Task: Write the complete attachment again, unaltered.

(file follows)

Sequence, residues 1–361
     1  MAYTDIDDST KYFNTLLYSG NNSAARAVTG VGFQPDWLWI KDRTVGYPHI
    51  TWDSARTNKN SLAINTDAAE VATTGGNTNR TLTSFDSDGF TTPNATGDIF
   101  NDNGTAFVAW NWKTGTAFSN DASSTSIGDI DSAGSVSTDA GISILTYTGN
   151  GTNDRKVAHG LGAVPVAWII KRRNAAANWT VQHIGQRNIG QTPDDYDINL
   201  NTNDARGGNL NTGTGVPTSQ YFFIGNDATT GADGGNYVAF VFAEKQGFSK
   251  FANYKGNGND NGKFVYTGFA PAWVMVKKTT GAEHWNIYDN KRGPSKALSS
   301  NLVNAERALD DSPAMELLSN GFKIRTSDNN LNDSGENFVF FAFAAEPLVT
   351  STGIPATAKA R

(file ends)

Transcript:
Sequence, residues 1–361
     1  MAYTDIDDST KYFNTLLYSG NNSAARAVTG VGFQPDWLWI KDRTVGYPHI
    51  TWDSARTNKN SLAINTDAAE VATTGGNTNR TLTSFDSDGF TTPNATGDIF
   101  NDNGTAFVAW NWKTGTAFSN DASSTSIGDI DSAGSVSTDA GISILTYTGN
   151  GTNDRKVAHG LGAVPVAWII KRRNAAANWT VQHIGQRNIG QTPDDYDINL
   201  NTNDARGGNL NTGTGVPTSQ YFFIGNDATT GADGGNYVAF VFAEKQGFSK
   251  FANYKGNGND NGKFVYTGFA PAWVMVKKTT GAEHWNIYDN KRGPSKALSS
   301  NLVNAERALD DSPAMELLSN GFKIRTSDNN LNDSGENFVF FAFAAEPLVT
   351  STGIPATAKA R